On a particularly beautiful afternoon last fall, I found myself sitting on the patio of a lovely café, enjoying a cappuccino and some beautiful scenery. The café was situated, charmingly, right off of a railroad track in the heart of a beautifully quaint small town. A picturesque sort of modern nostalgia.
When a slow, soft, rumbling began to ripple through the cafe from somewhere off in the distance, I initially thought nothing of it. Just a train approaching. Another slice of a lost Americana that was almost too perfect to behold.
Curiously, a number of people in the cafe did not share the same enthusiasm for the pastoral nirvana that I was enjoying. A silent, palpable fear slowly rolled over the patio. The patrons looked at each and shook their heads side-to-side – fearful, angry, exhausted. They watched, tensely, as the train approached.
Then, as if it were rehearsed, I watched everyone on the patio firmly and emphatically stuff their own fingers into their ears. Like a coordinated attempt by trained monkeys to hear no evil. I looked on, curious, slightly amused… Oblivious.
One patron noticed my ignorance and madly tried to alert me to the upcoming danger but –
THE TRAIN HORN BLARED….
My ears were ringing. My head felt like it was about to explode. As if the sound waves filling my ear canals indulged in endless constructive interference reverberating through my brain, filling it’s space beyond capacity, like an overcrowded concert stage about to collapse out of sheer exhaustion. I thought this was my end.
When I was finally able to gather my thoughts, the train had left and continued on to its destination, unaware of the carnage it had just wrought. I realized almost immediately how completely and utterly unnecessary the blasts even were in this situation, there was no one one the tracks! We weren’t at a train crossing! There was no danger! It was almost a willful assault on people who had the audacity to be in the vicinity of the train.
Many of the patrons, noticing my distress, came over to see if I was okay. They apologized for not warning me and offered comforting words. One gentleman summed it up simply,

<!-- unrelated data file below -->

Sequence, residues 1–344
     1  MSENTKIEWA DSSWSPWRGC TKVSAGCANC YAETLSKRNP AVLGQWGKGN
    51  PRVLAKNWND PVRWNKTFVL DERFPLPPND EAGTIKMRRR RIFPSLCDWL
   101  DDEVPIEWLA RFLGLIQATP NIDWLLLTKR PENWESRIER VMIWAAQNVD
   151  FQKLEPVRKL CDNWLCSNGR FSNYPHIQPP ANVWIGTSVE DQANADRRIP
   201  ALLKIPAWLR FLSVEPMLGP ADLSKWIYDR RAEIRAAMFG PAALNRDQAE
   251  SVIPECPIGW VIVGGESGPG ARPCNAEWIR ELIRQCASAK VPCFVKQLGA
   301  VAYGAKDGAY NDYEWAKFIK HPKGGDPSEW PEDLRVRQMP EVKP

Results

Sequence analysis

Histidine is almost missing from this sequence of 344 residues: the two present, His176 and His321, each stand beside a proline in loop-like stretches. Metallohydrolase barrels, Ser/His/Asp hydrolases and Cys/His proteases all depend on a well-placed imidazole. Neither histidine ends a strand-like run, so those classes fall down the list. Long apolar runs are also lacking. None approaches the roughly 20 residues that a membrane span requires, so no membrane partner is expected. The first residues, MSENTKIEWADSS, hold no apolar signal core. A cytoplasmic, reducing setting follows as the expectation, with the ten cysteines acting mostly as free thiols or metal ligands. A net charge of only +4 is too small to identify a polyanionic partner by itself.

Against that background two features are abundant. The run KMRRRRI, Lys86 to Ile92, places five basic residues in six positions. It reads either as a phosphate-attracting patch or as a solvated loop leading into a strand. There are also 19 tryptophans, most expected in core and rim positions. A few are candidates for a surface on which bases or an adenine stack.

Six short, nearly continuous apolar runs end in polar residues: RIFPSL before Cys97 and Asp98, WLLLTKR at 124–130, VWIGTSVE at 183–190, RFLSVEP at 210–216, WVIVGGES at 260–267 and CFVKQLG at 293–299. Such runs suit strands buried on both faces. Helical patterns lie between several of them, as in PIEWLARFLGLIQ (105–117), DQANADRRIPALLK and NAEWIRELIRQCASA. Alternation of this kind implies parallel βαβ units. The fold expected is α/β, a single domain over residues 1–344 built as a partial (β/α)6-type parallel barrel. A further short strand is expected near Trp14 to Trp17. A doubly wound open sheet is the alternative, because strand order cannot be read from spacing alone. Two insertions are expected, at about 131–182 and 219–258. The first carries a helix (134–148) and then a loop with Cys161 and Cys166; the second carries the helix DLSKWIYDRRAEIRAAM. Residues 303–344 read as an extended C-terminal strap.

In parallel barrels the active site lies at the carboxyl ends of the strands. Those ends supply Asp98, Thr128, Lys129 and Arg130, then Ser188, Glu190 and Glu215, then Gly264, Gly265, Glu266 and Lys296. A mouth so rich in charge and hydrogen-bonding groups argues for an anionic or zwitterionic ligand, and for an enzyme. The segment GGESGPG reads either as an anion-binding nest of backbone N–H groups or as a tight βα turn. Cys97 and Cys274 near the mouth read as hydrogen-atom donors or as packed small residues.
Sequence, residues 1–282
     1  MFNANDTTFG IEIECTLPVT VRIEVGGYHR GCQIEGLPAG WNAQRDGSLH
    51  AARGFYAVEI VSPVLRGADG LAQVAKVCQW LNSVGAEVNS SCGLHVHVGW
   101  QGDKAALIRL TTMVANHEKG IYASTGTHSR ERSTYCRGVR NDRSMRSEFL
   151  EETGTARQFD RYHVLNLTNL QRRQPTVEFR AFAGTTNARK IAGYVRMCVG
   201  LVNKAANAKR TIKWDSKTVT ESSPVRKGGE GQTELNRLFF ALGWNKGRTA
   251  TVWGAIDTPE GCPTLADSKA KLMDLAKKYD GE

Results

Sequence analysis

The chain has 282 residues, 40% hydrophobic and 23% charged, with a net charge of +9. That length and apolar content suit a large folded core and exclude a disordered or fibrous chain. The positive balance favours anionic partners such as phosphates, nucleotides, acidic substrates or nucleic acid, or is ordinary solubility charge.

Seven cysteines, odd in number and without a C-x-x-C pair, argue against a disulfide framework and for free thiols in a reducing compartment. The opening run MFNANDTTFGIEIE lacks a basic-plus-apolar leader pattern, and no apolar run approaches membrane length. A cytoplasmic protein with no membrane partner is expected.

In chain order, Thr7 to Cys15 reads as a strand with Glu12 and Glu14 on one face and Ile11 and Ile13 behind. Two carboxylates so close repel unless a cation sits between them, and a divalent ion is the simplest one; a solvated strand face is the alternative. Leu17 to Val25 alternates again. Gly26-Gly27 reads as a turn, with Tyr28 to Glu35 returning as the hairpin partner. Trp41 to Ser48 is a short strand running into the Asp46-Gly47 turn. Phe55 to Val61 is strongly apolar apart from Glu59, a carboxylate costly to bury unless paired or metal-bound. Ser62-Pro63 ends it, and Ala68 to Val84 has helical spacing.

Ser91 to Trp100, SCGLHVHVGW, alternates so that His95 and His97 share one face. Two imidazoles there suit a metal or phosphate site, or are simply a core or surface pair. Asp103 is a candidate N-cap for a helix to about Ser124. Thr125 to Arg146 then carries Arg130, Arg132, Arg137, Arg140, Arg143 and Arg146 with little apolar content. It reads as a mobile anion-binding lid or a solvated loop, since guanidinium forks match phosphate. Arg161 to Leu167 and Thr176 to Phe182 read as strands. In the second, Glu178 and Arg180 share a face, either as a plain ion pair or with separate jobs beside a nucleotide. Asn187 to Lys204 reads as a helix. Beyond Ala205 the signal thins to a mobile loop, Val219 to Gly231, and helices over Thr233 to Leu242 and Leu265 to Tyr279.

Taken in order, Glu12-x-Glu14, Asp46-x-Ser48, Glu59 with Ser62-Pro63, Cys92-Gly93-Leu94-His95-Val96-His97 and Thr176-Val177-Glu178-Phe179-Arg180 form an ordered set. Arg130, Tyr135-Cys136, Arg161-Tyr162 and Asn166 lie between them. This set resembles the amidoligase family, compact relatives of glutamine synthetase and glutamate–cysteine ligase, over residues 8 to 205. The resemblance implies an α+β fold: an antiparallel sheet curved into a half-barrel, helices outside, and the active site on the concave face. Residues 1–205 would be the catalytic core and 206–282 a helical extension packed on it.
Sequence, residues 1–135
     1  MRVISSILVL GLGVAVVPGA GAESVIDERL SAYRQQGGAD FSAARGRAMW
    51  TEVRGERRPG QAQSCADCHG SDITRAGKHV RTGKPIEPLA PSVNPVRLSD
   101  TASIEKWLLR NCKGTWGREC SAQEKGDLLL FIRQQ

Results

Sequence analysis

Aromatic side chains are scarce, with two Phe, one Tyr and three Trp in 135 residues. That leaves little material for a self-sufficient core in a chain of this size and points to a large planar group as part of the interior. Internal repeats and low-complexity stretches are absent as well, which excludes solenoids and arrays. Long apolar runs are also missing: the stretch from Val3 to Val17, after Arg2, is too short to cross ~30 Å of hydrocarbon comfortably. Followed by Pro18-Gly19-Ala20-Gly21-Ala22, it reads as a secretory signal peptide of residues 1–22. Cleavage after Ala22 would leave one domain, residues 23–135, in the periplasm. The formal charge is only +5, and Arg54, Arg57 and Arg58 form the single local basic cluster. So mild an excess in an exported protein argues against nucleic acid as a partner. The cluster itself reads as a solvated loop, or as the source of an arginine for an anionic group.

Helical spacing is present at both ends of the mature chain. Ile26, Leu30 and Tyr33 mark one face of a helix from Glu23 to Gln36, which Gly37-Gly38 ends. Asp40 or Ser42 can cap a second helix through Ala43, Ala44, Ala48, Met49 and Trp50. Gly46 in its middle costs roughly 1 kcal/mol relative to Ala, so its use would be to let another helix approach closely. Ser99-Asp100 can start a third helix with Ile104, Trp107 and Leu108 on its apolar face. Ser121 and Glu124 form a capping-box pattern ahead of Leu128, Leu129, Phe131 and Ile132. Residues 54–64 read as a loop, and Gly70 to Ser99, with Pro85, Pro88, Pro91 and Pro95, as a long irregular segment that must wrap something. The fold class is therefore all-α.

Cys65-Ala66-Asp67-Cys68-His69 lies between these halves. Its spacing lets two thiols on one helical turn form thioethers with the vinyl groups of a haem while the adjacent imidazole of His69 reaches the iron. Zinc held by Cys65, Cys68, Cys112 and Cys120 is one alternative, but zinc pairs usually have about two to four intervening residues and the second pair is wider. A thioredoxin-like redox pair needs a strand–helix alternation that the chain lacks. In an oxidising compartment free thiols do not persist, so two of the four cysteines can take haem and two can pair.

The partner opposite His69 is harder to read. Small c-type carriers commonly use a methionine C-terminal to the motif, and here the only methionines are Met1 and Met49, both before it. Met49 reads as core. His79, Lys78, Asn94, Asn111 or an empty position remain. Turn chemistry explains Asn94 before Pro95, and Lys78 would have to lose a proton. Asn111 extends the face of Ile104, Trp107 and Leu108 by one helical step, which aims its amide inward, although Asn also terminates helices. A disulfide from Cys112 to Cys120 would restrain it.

“It’s okay. They got you. They get everyone sooner or later…”
The blowing of train horns is an under reported epidemic in this country. The problem goes largely unnoticed due to its regional exclusivity to rural America. Folks in small towns, many of which have already been left behind by the economic march away from industrialization are now left to deal with a daily aggression. An annoying, exaggerated, blaring remnant of better times.
One resident told me, “Once, I was giving a presentation to a number of senior level managers when the train came by and…”
Fighting back tears he continued,
“The horn blew and I nearly jumped out of my skin. I was so startled. I let out a small, completely involuntary, and highly embarrassing, yelp. A sound of pure terror, like the bark of a small dog. It was so embarrassing. All of my colleagues laughed and made snide comments like ’Whoa, jumpy much?’ I continued with my presentation, but I knew that no one cared anymore.“
This experience is hardly atypical. All one needs is to throw a stone in a small town to make more stories come pouring out…
“I was on a date and it was going well. Really well, actually. We had stopped under a tree over by the tracks for a romantic kiss, like on the movie posters, anyway a train came by mid make-out and I got so scared that I accidentally bit her tounge… She… Yeah, that wasn’t the best…”
When asked about the major reason behind becoming train conductors, 95% of respondents to a 2012 survey by the Train Conductors Association of America, admitted that blowing the horn to startle and/or scare bystanders was either the “most important” or “only reason” for pursuing a job as a train conductor. They went on,
“It’s a thrill seeing people jumpy like that. I suppose it’s similar to what it feels like to murder someone.”
“People take their ears for granted. I’m just reminding them that they’re there. This is the only job where being annoying is totally part of it.”
“Seeing pure fear. That’s a strange joy. You don’t see that very often in life”
One conductor, Michael, (Who was so ashamed of his behavior he chose to speak to me through a voice scrambler and insisted he keep his face hidden by keeping a paper bag over his head. This, despite my numerous reassurances that the interview was not being filmed, and was strictly being used in print) summed up his experience as a train conductor in surprisingly candid terms:
”I know why I do what I do. I love scaring people. It’s a thrill. Seeing them jump like that. I saw a child pee his pants once. I’ll never forget that.” Michael chuckled. “I don’t really care either. Ask any conductor and they’ll either tell you the same… Or they’re lying”
Rarely as a journalist does a clear cut case of wrongdoing present itself in such stark terms. Both victims and victimizers agree on the existence of a problem. It’s the type of story that as a journalist you hope to get your entire career. One that has an opportunity to affect real change. Yet, when asked for comment on the story, the Train Conductors of America Association had a startlingly simple and tone deaf response:
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